Business competency means that you’re not pricing your product or service based on emotion – you’re making the right call based on accurate, actionable information about your market. You’re not living a lifestyle that is too expensive for the business you’re trying to run, draining your funds along with it.
Competency means that you’re paying your business taxes on time. You’re planning properly for both short-term gains and long-term objectives. You’re keeping the right records and you’re managing your finances properly – or, if you don’t know how to do either of those things, you’re finding someone that you trust who does.
These are all very straightforward parts of running a business that, yes, likely have very little to do with why you wanted to create a startup in the first place. But that doesn’t make them less important. Any one of these issues could prove to be a major stumbling block in year two, three or four. If you’re able to mitigate them, congratulations: you’ve got an essential quality that a shocking amount of people seem to lack.
Your Passion is Infectious
Perhaps the most important quality that will get your startup to year five isn’t just an unbridled passion, but a talent for making people just as excited as you are. When you choose to create a stunning presentation or Infographic with a tool like Visme, you don’t JUST do it because statistics tell you visual marketing is essential these days.
You do it because your passion dictates you must. You do it because words alone aren’t the best way to communicate with your audience why your product or service is going to change their lives. You do it because it’s the most efficient way to SHOW people what you’re trying to do and why that matters.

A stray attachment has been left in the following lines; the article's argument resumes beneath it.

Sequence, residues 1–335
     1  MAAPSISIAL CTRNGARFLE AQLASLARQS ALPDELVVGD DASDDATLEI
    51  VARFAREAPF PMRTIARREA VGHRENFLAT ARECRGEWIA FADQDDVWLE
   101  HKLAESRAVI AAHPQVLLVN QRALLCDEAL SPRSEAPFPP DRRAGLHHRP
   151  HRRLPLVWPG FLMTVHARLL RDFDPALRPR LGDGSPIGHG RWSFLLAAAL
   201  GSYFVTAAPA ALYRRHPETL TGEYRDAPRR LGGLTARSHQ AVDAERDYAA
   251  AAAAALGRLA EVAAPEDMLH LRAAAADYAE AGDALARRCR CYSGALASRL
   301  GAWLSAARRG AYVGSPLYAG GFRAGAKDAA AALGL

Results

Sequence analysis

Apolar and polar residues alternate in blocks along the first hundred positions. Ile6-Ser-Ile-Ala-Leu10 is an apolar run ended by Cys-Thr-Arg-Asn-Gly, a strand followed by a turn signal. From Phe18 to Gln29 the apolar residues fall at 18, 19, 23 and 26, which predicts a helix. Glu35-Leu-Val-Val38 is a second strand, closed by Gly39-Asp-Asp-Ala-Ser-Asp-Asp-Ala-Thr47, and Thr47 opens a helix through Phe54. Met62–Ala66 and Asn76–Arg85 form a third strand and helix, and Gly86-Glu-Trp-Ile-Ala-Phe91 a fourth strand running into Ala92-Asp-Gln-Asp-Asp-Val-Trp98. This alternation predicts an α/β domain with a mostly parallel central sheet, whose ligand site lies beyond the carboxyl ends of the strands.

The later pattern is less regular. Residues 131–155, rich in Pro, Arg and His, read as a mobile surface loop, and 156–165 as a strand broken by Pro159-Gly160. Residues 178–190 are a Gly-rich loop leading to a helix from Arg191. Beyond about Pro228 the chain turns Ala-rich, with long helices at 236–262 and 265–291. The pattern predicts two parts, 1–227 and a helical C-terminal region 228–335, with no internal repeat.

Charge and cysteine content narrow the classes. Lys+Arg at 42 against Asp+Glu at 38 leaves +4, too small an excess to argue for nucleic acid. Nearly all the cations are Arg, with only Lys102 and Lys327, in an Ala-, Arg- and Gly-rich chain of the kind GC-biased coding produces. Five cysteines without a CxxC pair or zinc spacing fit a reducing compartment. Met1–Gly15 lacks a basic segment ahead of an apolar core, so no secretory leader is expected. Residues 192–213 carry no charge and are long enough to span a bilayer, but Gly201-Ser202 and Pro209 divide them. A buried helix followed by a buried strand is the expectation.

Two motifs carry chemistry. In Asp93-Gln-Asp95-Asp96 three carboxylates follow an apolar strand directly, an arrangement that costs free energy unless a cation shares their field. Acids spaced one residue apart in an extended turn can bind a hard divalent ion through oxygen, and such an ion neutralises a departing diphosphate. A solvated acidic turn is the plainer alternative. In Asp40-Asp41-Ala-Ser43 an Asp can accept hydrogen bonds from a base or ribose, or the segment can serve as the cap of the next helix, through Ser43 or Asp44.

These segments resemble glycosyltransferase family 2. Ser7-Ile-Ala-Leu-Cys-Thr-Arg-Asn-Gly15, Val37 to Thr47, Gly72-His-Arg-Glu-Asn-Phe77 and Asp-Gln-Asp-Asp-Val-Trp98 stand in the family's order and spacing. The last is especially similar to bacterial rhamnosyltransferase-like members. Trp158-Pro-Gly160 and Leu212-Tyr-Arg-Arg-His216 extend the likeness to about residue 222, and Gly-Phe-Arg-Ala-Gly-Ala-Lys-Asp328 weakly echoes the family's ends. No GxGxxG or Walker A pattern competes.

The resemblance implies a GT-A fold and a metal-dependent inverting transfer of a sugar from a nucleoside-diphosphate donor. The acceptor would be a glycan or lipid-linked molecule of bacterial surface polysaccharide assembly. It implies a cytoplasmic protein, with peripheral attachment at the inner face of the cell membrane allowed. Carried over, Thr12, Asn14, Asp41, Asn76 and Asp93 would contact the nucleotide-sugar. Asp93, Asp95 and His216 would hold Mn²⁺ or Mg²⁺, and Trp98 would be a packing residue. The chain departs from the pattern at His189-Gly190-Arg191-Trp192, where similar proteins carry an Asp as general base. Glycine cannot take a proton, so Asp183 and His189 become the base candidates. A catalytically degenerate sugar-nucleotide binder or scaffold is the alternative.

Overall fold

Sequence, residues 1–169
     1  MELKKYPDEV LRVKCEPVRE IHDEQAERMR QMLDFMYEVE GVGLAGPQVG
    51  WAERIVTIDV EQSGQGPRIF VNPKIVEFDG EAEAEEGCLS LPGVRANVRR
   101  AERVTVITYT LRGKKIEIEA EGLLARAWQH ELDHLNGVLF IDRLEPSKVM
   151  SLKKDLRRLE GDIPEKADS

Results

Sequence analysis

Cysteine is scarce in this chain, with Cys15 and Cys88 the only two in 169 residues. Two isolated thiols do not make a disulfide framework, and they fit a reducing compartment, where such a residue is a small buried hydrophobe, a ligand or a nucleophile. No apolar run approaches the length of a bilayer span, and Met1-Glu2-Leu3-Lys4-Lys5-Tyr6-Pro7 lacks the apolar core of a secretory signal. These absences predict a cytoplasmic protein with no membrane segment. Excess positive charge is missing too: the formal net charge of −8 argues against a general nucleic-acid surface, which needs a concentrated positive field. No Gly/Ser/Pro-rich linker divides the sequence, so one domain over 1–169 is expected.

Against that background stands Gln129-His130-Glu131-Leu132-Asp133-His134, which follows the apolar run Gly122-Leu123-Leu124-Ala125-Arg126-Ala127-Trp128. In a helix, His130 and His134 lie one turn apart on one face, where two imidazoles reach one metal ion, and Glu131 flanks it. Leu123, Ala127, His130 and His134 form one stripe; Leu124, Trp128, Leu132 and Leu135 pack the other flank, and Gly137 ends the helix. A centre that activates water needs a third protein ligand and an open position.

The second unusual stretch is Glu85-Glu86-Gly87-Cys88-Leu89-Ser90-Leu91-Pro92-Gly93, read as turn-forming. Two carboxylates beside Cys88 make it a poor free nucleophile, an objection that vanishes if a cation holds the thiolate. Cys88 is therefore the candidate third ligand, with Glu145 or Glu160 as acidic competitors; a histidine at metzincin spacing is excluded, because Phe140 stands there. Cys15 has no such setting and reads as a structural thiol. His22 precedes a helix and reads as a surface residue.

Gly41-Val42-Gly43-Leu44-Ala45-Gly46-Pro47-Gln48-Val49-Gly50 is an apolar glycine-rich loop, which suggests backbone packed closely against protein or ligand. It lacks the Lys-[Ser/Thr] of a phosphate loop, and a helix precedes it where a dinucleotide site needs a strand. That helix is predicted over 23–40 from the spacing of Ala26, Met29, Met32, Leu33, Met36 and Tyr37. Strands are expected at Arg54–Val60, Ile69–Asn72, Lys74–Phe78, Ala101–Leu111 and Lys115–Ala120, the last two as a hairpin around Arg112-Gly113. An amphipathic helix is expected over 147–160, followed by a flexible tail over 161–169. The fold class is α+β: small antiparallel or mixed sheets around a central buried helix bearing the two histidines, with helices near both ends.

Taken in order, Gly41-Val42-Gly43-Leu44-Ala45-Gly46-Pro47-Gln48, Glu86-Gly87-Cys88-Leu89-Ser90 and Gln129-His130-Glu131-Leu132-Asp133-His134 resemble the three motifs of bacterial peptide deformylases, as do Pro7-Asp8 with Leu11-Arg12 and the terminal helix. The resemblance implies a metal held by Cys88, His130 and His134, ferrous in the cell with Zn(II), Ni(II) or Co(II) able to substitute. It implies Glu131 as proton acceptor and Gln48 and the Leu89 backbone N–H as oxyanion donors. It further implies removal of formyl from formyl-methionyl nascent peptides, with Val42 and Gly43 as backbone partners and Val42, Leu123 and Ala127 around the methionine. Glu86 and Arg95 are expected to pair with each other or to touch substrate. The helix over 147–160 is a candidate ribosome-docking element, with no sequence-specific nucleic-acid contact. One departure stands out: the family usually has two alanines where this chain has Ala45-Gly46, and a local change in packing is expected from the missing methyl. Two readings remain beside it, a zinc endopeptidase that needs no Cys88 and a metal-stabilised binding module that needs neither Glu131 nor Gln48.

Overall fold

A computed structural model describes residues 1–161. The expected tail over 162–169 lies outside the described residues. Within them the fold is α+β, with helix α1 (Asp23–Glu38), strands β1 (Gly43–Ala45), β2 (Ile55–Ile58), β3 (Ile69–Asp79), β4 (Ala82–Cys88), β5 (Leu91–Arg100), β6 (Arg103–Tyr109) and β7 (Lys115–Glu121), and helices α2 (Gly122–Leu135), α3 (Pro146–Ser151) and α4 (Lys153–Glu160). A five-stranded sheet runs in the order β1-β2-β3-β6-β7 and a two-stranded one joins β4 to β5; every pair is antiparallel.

A blog post with a spec sheet is technically enough to get the job done, if your only goal is to tell people what your product can do. But for you, that was never going to be enough. You always needed a way to show people why you care so much in a way that words alone would never allow, which is why putting together that new presentation is the highlight of your day.
The Long, Hard Path to Year Five: “Bring It On”
There are two types of entrepreneurs in this world. The first is the person who has a great idea for a product or service, begins to build the company they’ve always dreamed of, sees statistics that point to the catastrophic failure rate of startups and pauses. They think to themselves “oh, wow. This is going to be harder than I thought. Is this a good idea? Are these traps that I’m going to fall into? Am I wasting my time?”
The second type of person sees the common causes of most startup failures and thinks “terrific! Now that I know so much about the common mistakes that people seem to make, it will be easier than ever for me to avoid them!”
Call the second type of person whatever you want – from “naive” to “woefully optimistic” to “passionately diluted.” One thing you’ll also have to call them is a “successful entrepreneur,” because that unbridled positivity even in the face of the challenging road ahead is one of the most important qualities you’ll need to help get your startup to year five, year ten and beyond.